The threat of nonnative invasive plants in the nation’s forests is an ever-growing concern. Their aggressive nature allows many of them to out-compete native species, causing ecological and economic harm. The Forest Inventory and Analysis (FIA) program of the USDA Forest Service is taking an active role in the inventory and monitoring of these species in order to provide statistically valid estimates of their distribution and abundance. While a national protocol has been established to describe the process of collecting invasive vascular plant data, each FIA region is responsible for identifying the most important invasive plants to monitor on its forestlands. The list developed by the Northern Research Station currently includes 43 species. Data collection at the Northern Research Station for these 43 species began in 2007 and continues on 5-year cycle.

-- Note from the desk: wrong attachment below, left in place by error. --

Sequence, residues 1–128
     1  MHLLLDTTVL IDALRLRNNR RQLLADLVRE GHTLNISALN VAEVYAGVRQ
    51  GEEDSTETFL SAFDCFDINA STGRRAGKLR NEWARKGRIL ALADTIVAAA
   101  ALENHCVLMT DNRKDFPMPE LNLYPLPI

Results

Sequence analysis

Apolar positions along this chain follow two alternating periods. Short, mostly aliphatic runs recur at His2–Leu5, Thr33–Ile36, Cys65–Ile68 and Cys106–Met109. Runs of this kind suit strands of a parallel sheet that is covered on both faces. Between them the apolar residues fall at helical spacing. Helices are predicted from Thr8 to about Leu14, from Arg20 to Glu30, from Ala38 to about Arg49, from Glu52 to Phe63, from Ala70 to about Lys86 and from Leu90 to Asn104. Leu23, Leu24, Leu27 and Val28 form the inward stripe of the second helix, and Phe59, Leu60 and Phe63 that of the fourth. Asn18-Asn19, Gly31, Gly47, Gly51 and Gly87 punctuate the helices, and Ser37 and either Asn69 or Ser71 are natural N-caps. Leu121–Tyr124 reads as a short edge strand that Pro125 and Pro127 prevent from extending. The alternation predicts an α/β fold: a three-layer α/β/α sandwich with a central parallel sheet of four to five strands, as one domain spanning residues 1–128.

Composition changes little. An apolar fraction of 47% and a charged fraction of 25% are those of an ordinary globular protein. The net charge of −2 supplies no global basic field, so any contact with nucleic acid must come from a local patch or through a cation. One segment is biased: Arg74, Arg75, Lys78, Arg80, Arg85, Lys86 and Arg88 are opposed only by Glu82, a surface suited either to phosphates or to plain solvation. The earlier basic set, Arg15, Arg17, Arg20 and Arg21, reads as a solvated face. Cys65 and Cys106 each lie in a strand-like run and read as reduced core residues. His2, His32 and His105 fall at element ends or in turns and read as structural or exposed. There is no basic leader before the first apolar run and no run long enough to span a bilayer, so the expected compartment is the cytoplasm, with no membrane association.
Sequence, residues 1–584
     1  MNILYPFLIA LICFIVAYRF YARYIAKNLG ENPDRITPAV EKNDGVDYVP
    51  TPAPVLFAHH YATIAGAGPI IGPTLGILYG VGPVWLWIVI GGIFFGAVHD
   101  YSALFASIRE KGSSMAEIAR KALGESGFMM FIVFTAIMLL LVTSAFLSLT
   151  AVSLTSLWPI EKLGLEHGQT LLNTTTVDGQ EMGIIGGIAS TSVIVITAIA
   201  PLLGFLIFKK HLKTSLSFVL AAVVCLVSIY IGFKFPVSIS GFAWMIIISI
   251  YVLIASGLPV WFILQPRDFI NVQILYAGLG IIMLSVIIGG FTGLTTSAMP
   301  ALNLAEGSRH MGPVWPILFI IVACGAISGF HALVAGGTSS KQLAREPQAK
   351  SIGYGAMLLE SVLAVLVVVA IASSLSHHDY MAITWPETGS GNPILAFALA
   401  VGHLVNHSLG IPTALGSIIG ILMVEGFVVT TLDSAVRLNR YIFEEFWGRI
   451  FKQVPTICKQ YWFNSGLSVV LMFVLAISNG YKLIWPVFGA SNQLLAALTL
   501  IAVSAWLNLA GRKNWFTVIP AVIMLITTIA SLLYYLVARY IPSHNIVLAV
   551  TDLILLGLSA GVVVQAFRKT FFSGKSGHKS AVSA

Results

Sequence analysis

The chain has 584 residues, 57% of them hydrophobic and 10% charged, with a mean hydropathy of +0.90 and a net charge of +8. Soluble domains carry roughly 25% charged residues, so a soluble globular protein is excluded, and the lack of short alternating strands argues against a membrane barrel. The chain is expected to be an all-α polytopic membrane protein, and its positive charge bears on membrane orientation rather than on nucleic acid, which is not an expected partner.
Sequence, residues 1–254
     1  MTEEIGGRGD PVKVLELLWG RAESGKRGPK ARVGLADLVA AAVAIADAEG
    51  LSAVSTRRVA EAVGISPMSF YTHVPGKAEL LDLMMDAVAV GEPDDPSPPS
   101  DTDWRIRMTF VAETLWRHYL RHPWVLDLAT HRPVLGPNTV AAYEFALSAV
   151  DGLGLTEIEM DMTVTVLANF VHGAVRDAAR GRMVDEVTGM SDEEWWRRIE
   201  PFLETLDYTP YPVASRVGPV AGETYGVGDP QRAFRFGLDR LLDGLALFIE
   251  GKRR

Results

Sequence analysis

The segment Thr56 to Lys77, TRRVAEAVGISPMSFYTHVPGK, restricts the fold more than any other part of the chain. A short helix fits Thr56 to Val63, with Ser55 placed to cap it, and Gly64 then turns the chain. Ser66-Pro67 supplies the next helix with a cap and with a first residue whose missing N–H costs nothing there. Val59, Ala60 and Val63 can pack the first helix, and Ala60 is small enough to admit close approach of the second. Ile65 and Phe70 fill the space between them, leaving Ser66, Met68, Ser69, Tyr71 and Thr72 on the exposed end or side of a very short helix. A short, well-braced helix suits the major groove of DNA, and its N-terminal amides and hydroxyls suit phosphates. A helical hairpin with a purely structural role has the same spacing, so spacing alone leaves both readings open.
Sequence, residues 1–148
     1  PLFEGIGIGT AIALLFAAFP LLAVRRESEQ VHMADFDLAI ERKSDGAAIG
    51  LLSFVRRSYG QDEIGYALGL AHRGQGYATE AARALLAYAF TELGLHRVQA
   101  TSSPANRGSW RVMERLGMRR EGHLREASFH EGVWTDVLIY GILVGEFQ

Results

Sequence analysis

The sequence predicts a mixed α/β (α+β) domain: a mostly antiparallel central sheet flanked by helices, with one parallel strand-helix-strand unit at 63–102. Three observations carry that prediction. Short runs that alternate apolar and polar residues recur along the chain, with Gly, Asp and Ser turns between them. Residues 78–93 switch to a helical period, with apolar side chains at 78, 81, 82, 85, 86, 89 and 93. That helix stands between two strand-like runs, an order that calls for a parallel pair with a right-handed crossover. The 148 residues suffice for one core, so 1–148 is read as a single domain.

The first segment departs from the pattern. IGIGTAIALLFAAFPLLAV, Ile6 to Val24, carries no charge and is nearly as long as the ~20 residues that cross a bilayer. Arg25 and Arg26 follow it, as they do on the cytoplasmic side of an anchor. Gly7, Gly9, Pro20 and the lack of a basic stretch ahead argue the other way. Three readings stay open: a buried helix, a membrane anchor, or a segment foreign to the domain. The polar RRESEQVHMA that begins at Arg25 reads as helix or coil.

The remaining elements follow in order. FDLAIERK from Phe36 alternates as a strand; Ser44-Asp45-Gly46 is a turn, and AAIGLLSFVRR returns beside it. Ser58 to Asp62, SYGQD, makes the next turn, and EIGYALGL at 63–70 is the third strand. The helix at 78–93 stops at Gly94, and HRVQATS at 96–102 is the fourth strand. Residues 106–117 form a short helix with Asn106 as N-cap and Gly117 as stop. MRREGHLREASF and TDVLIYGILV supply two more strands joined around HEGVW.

These maps depict the distribution of these species using the 2007-2009 inventory data. Each layout accessible on this page includes a county choropleth map with colors indicating the percentage of forested field plots on which a particular invasive plant species was found. An inset map depicts approximate locations of field sites. Each map is accompanied by color photos of the plant. Maps are organized into five categories: trees, shrubs, vines, herbs, and grasses. For more detailed information on each plant species refer to the field guide at https://www.nrs.fs.fed.us/pubs/gtr/gtr_nrs52.pdf.